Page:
On 25 Jan 2013, at 05:43, Craig Weinberg wrote:
On Thursday, January 24, 2013 10:20:25 PM UTC-5, Brent wrote:
On 1/24/2013 6:28 PM, Craig Weinberg wrote:
On Thursday, January 24, 2013 9:05:31 PM UTC-5, Brent wrote:
On 1/24/2013 5:14 PM, Stathis Papaioannou wrote:
> On Fri, Jan 25, 2013 at 4:55 AM, meekerdb<meek...@verizon.net>
>> It's probably a lot simpler than that. In the U.S. if you're an
>> may be hard to find a sympathetic ear. Depending a lot on where
>> you may be isolated and reviled.
> Is that really true? I was in the US recently for the first time,
> Scottsdale Arizona and NYC, and other than Christmas decorations I
> can't recall seeing much evidence of religion at all. This is
> a superficial impression but I was a bit surprised nevertheless.
Scottsdale is pretty cosmopolitan - it's where airline pilots go to
retire. NYC of course
is as secular, diverse, and worldly as any place in the world. Try
visiting small towns
in Kentucky, South Carolina, Mississippi, Oklahoma,... It's not
called "the bible belt"
It would be more tedious than genuinely threatening to be an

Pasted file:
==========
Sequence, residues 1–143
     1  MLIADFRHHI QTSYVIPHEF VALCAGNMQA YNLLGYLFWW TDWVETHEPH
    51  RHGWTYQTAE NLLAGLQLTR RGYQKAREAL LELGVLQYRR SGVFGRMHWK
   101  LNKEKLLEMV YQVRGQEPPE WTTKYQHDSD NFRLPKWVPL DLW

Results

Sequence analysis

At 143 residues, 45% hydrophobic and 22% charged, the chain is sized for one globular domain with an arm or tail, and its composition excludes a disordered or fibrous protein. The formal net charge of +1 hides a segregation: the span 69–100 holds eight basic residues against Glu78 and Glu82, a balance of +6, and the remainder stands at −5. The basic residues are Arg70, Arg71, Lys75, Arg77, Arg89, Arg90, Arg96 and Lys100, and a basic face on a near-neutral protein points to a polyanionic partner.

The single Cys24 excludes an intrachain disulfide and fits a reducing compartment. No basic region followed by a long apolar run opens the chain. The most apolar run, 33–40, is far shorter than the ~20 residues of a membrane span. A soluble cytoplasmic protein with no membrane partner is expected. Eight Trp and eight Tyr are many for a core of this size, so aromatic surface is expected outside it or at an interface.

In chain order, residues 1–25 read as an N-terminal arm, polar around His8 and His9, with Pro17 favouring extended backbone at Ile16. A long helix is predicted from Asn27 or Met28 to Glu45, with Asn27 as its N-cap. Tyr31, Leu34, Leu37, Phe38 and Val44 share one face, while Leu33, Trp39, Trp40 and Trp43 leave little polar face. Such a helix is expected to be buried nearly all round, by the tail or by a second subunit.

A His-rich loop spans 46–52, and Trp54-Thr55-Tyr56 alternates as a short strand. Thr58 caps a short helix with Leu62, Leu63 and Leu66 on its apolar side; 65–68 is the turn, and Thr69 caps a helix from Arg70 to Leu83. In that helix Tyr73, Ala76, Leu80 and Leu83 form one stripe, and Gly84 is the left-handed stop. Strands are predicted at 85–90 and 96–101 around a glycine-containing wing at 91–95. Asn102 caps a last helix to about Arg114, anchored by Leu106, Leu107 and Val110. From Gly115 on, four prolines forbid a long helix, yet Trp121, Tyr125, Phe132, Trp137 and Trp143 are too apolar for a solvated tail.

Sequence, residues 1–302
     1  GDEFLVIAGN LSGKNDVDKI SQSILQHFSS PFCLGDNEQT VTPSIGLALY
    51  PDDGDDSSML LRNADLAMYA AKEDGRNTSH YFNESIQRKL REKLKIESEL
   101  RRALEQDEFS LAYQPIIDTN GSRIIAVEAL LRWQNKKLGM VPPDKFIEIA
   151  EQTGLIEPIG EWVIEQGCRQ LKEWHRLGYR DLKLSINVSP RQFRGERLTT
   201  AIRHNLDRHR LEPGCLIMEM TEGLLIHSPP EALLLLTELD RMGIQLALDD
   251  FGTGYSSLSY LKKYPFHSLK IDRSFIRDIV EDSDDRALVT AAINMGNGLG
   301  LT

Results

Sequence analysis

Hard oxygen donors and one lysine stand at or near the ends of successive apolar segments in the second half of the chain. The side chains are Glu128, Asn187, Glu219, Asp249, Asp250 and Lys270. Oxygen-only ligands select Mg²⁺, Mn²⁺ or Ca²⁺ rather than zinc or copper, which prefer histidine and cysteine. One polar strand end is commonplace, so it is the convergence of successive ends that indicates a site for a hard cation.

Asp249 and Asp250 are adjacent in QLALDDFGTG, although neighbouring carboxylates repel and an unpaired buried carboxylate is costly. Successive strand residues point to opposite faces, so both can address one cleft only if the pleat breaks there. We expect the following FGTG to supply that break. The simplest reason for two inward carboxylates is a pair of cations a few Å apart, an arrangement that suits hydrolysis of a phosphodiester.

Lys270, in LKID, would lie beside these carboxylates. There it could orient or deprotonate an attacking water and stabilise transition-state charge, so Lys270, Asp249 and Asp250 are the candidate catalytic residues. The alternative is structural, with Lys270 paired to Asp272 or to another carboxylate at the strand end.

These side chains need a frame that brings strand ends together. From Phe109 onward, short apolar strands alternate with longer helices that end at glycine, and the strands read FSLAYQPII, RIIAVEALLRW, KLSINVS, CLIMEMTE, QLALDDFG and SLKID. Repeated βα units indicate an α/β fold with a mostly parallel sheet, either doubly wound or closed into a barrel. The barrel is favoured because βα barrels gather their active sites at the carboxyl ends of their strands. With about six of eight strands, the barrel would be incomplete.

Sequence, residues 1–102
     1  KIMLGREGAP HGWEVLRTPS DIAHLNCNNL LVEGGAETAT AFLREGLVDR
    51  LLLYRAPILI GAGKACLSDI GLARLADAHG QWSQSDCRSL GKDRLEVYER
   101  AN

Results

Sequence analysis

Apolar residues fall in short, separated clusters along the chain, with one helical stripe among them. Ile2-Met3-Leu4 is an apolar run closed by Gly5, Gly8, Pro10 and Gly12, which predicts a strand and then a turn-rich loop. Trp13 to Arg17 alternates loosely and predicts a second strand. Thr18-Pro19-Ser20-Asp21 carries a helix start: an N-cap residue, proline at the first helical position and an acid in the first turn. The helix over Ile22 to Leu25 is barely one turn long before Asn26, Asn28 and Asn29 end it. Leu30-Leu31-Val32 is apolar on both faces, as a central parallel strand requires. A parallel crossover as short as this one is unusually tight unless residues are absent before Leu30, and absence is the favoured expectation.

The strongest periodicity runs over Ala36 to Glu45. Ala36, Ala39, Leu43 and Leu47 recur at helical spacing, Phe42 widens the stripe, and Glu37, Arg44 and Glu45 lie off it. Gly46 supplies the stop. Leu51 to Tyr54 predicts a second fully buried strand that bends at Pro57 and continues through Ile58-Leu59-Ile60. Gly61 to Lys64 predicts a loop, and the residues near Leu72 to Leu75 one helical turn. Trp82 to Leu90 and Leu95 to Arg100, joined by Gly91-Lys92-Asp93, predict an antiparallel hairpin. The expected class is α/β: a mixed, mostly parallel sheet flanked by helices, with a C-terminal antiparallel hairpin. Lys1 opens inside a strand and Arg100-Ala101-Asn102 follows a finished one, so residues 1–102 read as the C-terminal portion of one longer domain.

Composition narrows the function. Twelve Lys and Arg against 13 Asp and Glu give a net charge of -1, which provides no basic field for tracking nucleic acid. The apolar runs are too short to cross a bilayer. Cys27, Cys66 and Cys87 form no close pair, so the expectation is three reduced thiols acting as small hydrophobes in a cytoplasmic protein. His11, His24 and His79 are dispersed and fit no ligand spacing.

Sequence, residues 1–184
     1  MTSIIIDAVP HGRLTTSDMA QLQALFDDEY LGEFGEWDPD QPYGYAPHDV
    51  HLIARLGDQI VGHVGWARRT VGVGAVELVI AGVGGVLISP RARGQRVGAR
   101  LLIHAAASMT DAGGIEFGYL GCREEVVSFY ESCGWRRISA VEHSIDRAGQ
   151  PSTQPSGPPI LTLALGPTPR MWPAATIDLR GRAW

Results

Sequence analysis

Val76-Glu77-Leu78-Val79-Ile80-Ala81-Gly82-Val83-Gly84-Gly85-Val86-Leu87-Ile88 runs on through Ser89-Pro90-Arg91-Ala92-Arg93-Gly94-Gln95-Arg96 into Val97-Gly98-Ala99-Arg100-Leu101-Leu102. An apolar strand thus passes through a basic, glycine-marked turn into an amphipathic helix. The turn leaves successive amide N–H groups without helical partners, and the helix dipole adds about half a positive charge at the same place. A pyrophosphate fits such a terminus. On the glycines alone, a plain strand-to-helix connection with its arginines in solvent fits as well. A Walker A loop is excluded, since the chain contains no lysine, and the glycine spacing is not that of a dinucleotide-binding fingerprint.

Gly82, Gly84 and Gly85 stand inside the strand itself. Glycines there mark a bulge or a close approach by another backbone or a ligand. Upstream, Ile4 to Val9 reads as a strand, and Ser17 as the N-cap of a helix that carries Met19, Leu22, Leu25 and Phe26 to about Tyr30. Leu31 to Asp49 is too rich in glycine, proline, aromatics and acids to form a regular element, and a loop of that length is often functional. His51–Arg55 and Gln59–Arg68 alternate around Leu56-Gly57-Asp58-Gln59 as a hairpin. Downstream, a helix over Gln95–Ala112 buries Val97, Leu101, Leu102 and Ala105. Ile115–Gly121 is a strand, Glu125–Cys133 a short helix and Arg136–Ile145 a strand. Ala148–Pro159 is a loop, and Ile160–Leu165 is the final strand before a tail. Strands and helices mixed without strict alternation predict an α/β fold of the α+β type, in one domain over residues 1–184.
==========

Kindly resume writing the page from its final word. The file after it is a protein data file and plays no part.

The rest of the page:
atheist adult in redneck America - unless you insist upon being as
vocal as the Fundies. Yes, there's a lot of churches, and people
will ask you what church you go to, but they will also ask you what
sports team you support and think you are just as threatening if
you are unaffiliated that way.
I'd didn't say they'd be threatening. But if you were an atheist
looking for a friendly ear the only ones you'd find would probably
want to convert you.
I don't know that not being able to talk to others about your (non)
religious beliefs would be cause for suicide though. Especially now
that there's the internet... I can't remember the last time I had a
conversation with someone about religion IRL. If it was that
important to find a friendly ear in multiple neighbors and co-
workers specifically to listen to you talk about being an atheist,
then that makes me think about questioning the claim that atheism
isn't like a religion.
Atheism (at least the non agnostic strong form of it) is a (pseudo)
religion. The atheists believe religiously in a primary material
reality (the creation), and define God like the Christians (to not
believe in it). So they are ally with (strong) Christians to prevent
the coming back of seriousness, inquiries and deductive reasoning in
the theological field. Seen from the Plato/Aristotle difference
perspective, (strong) atheism is a slight variant of Christianism, and
that is even more palatable when you are aware of the atheist sects
(which are often secret and non transparent, practice communion, give
a name to a God, etc. and are largely ignored by the media).
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